People with ADD (attention deficit disorder) have persistent difficulty concentrating and focusing their attention. People who experience additional challenges with hyperactivity and impulsiveness may have a variant called ADHD (attention deficit hyperactivity disorder). Up to 10% of US children and 4% of US adults suffer from ADD and ADHD.
Some people find that avoiding certain foods can help. Foods thought to aggravate symptoms like artificial dyes and colorants, preservatives and sweeteners, yellow produce, salicylate containing foods (red apples, almonds, cranberries, grapes, tomatoes, etc), high mercury fish, alcohol and foods high in sugar.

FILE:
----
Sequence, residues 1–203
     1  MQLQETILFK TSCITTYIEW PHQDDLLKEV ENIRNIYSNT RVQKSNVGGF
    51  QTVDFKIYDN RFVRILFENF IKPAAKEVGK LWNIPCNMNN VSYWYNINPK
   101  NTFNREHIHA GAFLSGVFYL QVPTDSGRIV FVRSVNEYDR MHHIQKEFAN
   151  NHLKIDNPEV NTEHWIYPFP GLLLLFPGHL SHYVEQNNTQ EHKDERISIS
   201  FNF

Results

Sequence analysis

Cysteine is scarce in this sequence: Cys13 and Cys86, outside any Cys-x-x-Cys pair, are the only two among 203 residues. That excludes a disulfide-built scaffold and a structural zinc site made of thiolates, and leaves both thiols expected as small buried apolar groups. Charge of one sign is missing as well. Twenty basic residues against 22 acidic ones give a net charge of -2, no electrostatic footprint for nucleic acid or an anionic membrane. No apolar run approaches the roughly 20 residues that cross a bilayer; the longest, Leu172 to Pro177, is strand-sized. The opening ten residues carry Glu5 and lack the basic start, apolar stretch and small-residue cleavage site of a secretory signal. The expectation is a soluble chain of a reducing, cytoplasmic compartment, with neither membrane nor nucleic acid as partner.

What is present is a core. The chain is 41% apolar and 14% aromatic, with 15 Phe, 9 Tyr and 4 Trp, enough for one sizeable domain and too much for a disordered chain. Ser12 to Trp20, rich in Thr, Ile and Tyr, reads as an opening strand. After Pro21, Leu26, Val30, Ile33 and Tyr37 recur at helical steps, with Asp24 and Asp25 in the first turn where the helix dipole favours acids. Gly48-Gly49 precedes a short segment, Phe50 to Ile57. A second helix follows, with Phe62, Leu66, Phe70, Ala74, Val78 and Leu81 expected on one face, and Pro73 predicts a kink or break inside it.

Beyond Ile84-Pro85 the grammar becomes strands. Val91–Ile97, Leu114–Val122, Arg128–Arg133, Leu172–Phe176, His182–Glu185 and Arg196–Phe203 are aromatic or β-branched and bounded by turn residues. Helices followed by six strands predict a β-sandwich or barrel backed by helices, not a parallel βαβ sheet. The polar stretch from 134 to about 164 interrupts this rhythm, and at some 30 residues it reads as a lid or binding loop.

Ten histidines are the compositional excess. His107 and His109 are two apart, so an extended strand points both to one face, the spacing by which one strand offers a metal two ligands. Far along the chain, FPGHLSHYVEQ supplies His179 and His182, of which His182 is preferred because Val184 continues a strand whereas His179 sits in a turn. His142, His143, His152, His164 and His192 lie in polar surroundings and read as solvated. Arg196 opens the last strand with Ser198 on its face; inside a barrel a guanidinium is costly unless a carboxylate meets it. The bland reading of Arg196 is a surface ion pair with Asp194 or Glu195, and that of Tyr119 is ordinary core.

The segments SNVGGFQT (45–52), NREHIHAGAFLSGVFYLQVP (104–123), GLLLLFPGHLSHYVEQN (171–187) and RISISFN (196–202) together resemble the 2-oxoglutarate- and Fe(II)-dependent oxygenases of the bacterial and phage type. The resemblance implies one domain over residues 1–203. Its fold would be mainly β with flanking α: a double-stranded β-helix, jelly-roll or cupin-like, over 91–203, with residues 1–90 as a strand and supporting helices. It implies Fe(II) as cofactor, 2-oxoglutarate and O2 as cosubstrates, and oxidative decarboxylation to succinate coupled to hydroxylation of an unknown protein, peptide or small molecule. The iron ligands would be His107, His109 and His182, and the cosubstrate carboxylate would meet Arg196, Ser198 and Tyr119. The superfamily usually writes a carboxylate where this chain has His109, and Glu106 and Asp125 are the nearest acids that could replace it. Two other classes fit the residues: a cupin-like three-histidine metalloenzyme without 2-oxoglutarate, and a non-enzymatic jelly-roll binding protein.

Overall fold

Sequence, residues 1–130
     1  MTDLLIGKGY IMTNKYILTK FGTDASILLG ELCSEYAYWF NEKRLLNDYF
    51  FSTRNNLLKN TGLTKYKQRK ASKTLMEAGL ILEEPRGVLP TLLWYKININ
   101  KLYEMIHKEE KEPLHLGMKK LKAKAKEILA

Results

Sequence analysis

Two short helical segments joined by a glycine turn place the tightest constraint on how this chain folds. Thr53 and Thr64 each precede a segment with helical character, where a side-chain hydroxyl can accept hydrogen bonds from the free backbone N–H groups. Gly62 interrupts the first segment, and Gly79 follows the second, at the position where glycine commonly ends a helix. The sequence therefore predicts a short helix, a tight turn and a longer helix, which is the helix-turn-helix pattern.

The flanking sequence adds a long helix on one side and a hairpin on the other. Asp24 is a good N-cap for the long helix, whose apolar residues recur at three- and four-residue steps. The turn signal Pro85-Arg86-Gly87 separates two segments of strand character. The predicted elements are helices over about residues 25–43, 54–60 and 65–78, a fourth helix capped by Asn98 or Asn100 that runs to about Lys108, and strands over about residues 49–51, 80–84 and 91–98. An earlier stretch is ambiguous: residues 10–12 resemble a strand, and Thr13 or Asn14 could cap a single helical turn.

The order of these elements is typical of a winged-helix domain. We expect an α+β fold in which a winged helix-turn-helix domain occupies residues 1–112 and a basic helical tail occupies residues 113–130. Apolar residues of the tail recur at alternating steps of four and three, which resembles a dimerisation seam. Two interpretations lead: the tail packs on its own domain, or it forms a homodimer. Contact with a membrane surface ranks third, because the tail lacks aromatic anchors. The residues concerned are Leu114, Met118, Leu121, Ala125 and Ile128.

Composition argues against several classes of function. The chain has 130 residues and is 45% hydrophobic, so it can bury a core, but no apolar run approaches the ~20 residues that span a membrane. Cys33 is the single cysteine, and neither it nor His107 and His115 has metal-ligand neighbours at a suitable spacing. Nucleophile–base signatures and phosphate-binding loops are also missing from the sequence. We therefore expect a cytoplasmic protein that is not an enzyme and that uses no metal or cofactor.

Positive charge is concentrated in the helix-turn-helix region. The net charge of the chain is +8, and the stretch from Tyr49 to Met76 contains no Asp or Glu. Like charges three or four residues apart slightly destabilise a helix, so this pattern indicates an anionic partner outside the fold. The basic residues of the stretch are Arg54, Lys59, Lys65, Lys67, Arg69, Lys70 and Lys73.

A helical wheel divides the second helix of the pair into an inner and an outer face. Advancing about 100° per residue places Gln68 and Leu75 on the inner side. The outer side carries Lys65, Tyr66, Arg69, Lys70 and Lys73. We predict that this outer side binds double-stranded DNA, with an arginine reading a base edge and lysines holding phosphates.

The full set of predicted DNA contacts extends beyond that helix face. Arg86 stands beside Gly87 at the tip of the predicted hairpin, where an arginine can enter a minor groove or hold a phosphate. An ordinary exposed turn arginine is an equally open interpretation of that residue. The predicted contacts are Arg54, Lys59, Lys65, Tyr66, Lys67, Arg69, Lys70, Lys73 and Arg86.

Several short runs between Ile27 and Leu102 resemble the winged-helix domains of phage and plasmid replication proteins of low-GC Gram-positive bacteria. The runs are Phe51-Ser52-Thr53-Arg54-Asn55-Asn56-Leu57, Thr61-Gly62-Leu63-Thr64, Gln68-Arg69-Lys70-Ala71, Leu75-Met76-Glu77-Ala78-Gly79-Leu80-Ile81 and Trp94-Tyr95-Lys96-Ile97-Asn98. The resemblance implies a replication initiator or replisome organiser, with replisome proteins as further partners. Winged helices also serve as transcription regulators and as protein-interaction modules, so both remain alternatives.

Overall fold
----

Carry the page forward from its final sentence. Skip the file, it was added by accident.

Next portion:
In general, most dietary strategies for ADD and ADHD recommend that people investigate which foods make them feel better. One of the best ways to do this is by elimination and re-introduction diets. You can use Selectivor to track how you feel while you eliminate certain foods for a short time and then re-introduce them. This may help you discover which foods help you feel your best.